Va. rampage victims include suspect’s relatives |

Va. rampage victims include suspect’s relatives

APPOMATTOX, Va (AP) – The victims of a gunman’s violent rampage in central Virginia included the suspect’s sister and brother-in-law, as well as two other adults, three teenagers and a 4-year-old boy, according to authorities who charged the alleged shooter with first-degree murder on Wednesday.

Christopher Bryan Speight, a 39-year-old security guard, surrendered to police at daybreak after leading investigators on an 18-hour manhunt following the slayings at a house in rural central Virginia where deputies found a mortally wounded man and seven bodies.

A bomb squad discovered a multitude of explosives at Speight’s home, and crews were detonating the devices into the night.

Speight had no weapons when he surrendered. He was wearing a bulletproof vest over a black fleece jacket, camouflage pants and mud-caked boots. Neither the sheriff nor a state police spokeswoman would disclose what Speight said when he gave up.

Speight was charged with one count of first-degree murder, but other charges are likely. He’s being held at a jail in Lynchburg.

The suspect co-owned and lived in the home where some of the bodies were found Tuesday. David Anderson, co-owner of the Sunshine Market grocery store in Lynchburg, where Speight sometimes provided security, said Speight was worried that his sister and brother-in-law, wanted to kick him out of the house. The two recently moved in with Speight, he said.

Speight’s mother deeded the house to Speight and his sister in 2006, shortly before she died of brain cancer. His mother’s obituary listed the daughter as Lauralee Sipe and her husband as Dewayne Sipe.

State police identified the Sipes, both 38, as two of the victims, along with 16-year-old Ronald Scruggs; 15-year-old Emily Quarles; 43-year-old Karen and Jonathan Quarles; 15-year-old Morgan Dobyns; and 4-year-old Joshua Sipe.

Police say Speight knew all the victims, but they did not outline the victims’ relationships or discuss a motive. No court date has been set.

Their bodies are at the state medical examiner’s office in Roanoke, where their causes of death will be determined. Investigators wouldn’t say what type of weapon was used in the rampage.

In nearby Lynchburg late Wednesday, about 100 people attended an impromptu prayer gathering at Thomas Terrace Baptist Church, where friends described Scruggs as a class clown and Emily Quarles as outgoing and friendly.

Youth minister Walt Davis said the community would need strength in the coming days and weeks. Adults were on hand for young people who wanted to talk or needed comforting.

Courtney Crews, 14, said she and Emily Quarles attended the same middle school but different high schools. They kept in touch by texting and talking on the phone.

“She was just a really good friend,” Crews said, sobbing. “She was never mean to anybody.”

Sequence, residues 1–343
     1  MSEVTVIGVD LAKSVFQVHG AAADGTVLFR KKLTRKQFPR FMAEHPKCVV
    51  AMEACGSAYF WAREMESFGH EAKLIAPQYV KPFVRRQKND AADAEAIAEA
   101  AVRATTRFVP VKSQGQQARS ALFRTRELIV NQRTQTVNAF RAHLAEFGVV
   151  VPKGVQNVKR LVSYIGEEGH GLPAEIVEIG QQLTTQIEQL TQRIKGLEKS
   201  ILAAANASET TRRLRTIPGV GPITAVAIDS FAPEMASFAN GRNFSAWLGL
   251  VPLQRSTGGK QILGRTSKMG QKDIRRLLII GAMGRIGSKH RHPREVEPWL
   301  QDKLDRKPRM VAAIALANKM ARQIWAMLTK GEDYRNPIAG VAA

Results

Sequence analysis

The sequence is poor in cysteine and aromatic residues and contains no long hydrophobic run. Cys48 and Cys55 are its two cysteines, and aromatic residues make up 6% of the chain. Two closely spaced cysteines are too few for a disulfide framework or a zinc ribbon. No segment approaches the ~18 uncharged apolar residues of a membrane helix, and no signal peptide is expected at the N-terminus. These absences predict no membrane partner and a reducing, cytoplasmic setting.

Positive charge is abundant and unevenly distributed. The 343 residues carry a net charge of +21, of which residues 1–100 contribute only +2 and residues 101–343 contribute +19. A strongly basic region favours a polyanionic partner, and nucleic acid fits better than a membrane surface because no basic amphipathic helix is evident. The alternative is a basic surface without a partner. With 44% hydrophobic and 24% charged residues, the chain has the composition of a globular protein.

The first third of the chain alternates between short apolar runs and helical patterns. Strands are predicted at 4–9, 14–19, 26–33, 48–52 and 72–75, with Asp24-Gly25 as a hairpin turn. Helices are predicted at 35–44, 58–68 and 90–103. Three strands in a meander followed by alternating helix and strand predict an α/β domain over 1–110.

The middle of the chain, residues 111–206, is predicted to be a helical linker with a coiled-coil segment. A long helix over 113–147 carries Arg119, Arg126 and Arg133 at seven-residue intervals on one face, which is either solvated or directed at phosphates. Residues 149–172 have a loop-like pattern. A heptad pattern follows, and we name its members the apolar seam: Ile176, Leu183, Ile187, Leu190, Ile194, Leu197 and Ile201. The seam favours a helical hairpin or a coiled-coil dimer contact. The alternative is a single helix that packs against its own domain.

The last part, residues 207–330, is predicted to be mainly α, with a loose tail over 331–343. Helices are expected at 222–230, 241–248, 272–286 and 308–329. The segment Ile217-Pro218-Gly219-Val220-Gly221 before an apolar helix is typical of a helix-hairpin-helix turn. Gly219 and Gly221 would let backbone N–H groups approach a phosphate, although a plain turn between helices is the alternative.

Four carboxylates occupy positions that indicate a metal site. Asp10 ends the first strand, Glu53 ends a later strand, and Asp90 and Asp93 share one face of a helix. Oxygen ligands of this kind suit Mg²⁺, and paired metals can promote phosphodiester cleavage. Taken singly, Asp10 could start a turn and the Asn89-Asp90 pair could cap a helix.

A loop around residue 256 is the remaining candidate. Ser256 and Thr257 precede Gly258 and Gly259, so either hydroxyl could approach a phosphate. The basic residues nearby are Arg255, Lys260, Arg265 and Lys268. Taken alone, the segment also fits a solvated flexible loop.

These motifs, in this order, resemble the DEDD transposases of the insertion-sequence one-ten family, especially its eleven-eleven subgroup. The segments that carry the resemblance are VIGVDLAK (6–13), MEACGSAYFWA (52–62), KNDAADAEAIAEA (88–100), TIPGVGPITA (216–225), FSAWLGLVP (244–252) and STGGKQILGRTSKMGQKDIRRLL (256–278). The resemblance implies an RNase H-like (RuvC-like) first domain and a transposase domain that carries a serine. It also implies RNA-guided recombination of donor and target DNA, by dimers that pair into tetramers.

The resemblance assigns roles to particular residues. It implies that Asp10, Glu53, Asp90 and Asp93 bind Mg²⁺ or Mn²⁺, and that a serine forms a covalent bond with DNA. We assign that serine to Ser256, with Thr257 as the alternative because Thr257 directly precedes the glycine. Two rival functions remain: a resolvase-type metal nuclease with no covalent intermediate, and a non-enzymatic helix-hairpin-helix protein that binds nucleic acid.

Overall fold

Neighbor Monte W. Mays said Speight was a good neighbor. They waved as they passed each other on the road and sent their dogs out to play with one another.

“All the dealings I’ve ever had with him have been cordial and polite,” said Mays, the county’s retired commissioner of accounts. “We got along fine.”

Speight had long been a gun enthusiast and enjoyed target shooting at a range on his property, Mays said. But the shooting recently became a daily occurrence, with Speight firing what Mays said were high-powered rifles.

“Then we noticed he was doing it at nighttime,” and the gunfire started going deeper into the woods, Mays said.

Mays said the entire community is devastated and wondering what triggered the slayings.

“The only one who’s going to know now is Chris,” he said.

Anderson, the store co-owner, said Speight never wanted to talk about his problems, but he “constantly paced the floor,” Anderson said. “I thought he was going to wear a trench in it.”

Clarence Reynolds, who also works at the market, said he recently discussed a personal family problem with Speight, and Speight told him “don’t let your emotions get the best of you.”

Reynolds said Speight was not married and had no children.

Police were alerted to the bloodbath when they found the wounded man on the side of a road. Then sheriff’s deputies discovered seven more bodies – three inside the house and four just outside.

When officers converged on the area, the suspected shooter fired at a state police helicopter, rupturing its gas tank and forcing it to land.

The shots revealed his location, and more than 100 police swarmed into the woods until Speight gave up the following morning.

Police said Speight appeared to have had weapons training, but there was no information suggesting he had served in the military.

Speight’s uncle, Jack Giglio of Tampa, Fla., told The Associated Press that his nephew was a deer hunter, but as far as he knew Speight did not have any specialized weapons training. Giglio said he had not seen Speight since 2006, when both attended the funeral for Speight’s mother.

“We’re shocked, of course,” Giglio said. “I’m not aware of any problems with him. It’s kind of out of the blue. We’re still trying to pick up facts, too.”

Appomattox County court records show a concealed weapons permit was issued to a Christopher Bryan Speight three times between 1999 and last year.

The county’s four schools remained closed for the day, the high school flag at half-staff. Administrators planned to bring in grief counselors. The school system posted a notice on its Web site late Wednesday announcing a two-hour delay Thursday morning so staff would have time to “prepare to talk with their students about the tragedy.”

Associated Press writers Larry O’Dell and Zinie Chen Sampson in Appomattox, Tim Huber in Charleston, W.Va., and Harry R. Weber in Atlanta contributed to this report.